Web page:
To understand rentvesting, the first piece of the puzzle is asking, what’s an investment property? Basically, it's a property that you own but don’t live in and use as an investment to earn rental income or for capital growth.
Now for the big question: what’s rentvesting? In most rentvesting examples it’s when you buy an investment property in an area you can afford and rent somewhere else. By renting out your property and renting another to live in, you could live in your dream home without having to buy it.
But wait, isn’t renting dead money? Some people might think so, but with rentvesting you’re still earning a rental income on your investment property which can help cover your mortgage repayments and get you on the property ladder. Plus, you could make a profit if you sell for more than you bought for. Cha-ching!
What are the pros and cons of rentvesting?
There’s a few pros and cons to consider if you’re going to rentvest:
- A cheaper property means a smaller deposit, which is easier to save for
- You have the flexibility of moving or travelling, while still owning a home
- There may be rentvesting tax benefits that could allow you to claim deductions on strata fees, council rates, water charges, cleaning, home and contents insurance, maintenance, depreciation and home loan interest payments
- You could also claim tax deductions if your mortgage repayments are higher than your rental income, aka negative gearing.
- You can’t make any renovations to a rental property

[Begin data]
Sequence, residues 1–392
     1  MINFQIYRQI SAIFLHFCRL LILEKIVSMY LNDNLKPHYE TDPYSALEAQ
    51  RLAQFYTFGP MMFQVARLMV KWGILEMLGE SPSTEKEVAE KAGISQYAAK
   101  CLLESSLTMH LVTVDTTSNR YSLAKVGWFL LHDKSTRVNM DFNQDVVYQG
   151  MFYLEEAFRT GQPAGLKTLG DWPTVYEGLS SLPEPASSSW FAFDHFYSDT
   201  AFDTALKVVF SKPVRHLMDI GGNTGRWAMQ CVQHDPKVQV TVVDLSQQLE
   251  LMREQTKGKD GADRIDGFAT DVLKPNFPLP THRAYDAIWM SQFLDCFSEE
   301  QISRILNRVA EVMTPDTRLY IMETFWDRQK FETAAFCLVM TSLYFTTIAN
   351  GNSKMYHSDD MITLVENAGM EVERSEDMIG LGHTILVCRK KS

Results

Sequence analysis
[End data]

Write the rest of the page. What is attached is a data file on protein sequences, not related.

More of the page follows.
- You could be asked to move out at any time
- You’ll have to pay capital gains tax when you sell the investment property
- The First Home Owner Grant only applies to Owner-Occupied properties
- Most lenders will charge a higher interest rate for Investment vs. Owner-Occupied home loans.
Pro tip: There are online rentvesting calculators available and our home loan calculator allows you to easily compare the interest rates on a home to live in, versus an investment property.
Is rentvesting for me?
Everyone’s finances are different, but the main things to think about are your incomings and your outgoings. Incomings include your salary and the rental income on your future investment property. Outgoings are your rental payments, strata fees, property management fees, council rates, landlord insurance, potential utility fees and living expenses. Plus, you’ll also be responsible for any maintenance costs. If your incomings are more than your outgoings, then rentvesting could be a good option for you to explore.